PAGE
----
“So I don’t blame people for giving up on politics… When a state-corporate nexus of power has bypassed democracy and made a mockery of the voting process, when an unreformed political system ensures that parties can be bought and sold, when politicians [of the main parties] stand and watch as public services are divvied up by a grubby cabal of privateers, what is left of this system that inspires us to participate?”

Margaret Kimberley’s Freedom Rider column appears weekly in BAR. Ms. Kimberley lives in New York City, and can be reached via e-Mail at Margaret.Kimberley(at)BlackAgendaReport.Com.

Her article America vs. the World on Imperialism:

Published on Saturday, February 22, 2014 by YES! Magazine

The Myth Behind Public School Failure

In the rush to privatize the country’s schools, corporations and politicians have decimated school budgets, replaced teaching with standardized testing, and placed the blame on teachers and students.

by Dean Paton

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Contact: More peeps to reach out to…

From By SUZANNE METTLER, professor of government at Cornell University, is the author of “Degrees of Inequality: How the Politics of Higher Education Sabotaged the American Dream.”

Dean Baker is the co-director of the Center for Economic and Policy Research (CEPR). He is the author of The Conservative Nanny State: How the Wealthy Use the Government to Stay Rich and Get Richer and the more recently published Plunder and Blunder: The Rise and Fall of The Bubble Economy. He also has a blog, "Beat the Press," where he discusses the media’s coverage of economic issues.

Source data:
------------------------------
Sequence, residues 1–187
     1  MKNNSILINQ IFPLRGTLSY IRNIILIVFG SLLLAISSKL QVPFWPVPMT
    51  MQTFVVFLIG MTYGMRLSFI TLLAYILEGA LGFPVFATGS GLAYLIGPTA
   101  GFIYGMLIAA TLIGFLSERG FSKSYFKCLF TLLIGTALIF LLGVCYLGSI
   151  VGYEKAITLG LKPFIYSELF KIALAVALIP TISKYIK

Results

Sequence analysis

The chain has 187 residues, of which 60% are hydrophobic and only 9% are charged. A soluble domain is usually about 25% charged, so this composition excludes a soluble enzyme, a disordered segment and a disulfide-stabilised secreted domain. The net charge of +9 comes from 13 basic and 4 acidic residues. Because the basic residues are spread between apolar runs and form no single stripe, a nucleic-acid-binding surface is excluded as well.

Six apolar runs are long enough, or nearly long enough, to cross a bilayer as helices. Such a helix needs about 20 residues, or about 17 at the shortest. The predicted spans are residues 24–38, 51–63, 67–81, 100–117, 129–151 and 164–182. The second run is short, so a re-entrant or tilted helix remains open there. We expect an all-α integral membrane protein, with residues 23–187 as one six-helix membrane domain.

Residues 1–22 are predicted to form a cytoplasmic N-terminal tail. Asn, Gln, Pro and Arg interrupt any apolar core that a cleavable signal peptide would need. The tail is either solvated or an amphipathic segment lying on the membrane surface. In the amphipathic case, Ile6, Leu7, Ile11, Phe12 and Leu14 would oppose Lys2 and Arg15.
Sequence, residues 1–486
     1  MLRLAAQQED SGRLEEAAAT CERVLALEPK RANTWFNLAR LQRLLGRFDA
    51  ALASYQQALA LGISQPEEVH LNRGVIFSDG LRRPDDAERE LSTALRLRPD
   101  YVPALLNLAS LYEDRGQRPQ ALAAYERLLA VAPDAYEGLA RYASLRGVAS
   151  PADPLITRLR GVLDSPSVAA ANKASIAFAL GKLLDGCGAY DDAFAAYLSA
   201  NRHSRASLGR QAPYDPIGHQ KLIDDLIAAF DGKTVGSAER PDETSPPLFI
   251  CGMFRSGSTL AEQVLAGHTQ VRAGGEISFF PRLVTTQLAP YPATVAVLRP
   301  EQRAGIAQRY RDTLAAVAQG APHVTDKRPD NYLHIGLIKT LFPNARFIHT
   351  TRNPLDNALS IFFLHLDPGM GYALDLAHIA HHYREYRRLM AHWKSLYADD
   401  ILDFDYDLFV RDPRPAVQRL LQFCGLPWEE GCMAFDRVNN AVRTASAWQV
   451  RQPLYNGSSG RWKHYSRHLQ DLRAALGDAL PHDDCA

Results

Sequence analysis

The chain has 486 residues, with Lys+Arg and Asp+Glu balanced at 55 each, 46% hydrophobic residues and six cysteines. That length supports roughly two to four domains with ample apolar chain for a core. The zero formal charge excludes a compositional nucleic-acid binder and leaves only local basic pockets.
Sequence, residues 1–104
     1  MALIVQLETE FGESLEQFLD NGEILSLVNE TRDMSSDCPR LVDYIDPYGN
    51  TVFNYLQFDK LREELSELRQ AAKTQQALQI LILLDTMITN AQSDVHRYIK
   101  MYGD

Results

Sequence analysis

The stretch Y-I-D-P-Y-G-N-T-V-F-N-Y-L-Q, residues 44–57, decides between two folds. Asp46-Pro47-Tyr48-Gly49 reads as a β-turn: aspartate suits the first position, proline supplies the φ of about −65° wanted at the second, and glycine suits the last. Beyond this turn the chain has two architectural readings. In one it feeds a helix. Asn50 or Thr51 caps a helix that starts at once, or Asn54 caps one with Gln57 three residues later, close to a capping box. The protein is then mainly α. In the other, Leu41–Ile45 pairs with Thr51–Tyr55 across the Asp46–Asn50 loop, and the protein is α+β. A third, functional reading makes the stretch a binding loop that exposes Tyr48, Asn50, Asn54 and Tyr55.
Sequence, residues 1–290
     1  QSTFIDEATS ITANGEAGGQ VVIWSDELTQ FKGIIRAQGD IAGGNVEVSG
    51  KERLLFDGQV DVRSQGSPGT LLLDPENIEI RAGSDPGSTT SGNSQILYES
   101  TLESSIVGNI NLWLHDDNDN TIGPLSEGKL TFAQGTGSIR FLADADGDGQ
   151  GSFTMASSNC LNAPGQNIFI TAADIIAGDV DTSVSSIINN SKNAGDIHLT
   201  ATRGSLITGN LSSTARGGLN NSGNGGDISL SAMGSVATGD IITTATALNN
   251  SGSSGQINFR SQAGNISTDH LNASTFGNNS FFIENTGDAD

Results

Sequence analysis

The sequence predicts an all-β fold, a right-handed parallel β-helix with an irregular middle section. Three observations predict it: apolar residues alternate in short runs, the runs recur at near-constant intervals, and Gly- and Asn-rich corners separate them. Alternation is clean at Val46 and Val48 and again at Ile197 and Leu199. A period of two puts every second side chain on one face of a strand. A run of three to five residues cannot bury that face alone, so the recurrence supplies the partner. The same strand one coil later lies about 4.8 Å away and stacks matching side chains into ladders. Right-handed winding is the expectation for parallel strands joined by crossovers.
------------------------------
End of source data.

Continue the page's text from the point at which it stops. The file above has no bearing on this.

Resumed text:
Published on Tuesday, March 18, 2014 by The Guardian

Paul Ryan Isn’t the Wonk of Washington – It’s Time to Listen to More Good Ideas

Sure, the new budget from the left won’t pass. But DC’s double standard anoints false kings

by Dean Baker

(1) The minimum wage was last increased in 2009. Before 2007, it was stuck at $5.15 for ten years. Follow the example of Australia: it pays workers a living wage (roughly $15.00-US for adults). How can Australia can afford to pay a living wage and provide good benefits, including universal health care?

Business Profits as a Percentage of National Income:
U.S.: 20.4%
Australia: 12.7%

(2) More than 30% of workers belonged to unions in the 50s. Today, it is only 7% in the private sector. Clearly, we need to strengthen labor rights legislation.

(3) Our trade agreements were designed to benefit corporate America and their top executives. Americans should not be asked to compete with workers who earn 20-30 cents an hour and with countries that lack adequate environmental and safety standards. We need fair trade.